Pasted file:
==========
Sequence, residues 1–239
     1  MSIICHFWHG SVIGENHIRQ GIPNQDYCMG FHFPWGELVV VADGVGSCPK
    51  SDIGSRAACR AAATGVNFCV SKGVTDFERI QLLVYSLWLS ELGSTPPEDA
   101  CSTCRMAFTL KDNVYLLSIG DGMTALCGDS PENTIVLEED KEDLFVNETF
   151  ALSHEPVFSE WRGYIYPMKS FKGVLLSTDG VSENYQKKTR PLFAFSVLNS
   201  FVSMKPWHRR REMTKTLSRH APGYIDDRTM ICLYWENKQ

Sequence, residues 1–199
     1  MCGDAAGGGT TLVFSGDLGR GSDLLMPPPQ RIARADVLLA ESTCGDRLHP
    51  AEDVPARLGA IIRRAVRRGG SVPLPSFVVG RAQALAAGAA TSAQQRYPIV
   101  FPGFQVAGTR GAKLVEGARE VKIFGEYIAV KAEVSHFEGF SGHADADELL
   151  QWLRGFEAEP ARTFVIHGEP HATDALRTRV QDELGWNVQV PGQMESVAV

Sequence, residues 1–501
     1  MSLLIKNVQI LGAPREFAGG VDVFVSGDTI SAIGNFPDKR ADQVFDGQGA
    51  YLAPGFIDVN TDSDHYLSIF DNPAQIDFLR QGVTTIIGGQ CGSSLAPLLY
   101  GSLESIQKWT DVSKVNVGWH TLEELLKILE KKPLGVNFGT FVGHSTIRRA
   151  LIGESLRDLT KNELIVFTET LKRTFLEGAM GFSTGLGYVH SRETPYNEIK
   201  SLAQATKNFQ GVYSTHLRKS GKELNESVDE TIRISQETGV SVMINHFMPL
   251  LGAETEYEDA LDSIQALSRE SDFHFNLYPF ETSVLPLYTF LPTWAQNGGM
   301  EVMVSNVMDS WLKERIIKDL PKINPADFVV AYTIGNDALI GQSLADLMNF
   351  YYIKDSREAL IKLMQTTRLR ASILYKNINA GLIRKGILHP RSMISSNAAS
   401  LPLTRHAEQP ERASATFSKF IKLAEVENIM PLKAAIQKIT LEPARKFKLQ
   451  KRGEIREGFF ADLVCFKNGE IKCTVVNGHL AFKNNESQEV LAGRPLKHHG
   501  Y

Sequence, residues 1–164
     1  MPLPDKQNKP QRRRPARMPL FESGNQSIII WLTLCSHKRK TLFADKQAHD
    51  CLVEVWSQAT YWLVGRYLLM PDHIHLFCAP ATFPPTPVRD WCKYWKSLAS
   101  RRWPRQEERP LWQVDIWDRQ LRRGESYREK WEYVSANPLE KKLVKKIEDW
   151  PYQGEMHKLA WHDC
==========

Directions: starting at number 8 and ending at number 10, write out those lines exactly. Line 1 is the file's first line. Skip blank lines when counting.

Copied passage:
     1  MCGDAAGGGT TLVFSGDLGR GSDLLMPPPQ RIARADVLLA ESTCGDRLHP
    51  AEDVPARLGA IIRRAVRRGG SVPLPSFVVG RAQALAAGAA TSAQQRYPIV
   101  FPGFQVAGTR GAKLVEGARE VKIFGEYIAV KAEVSHFEGF SGHADADELL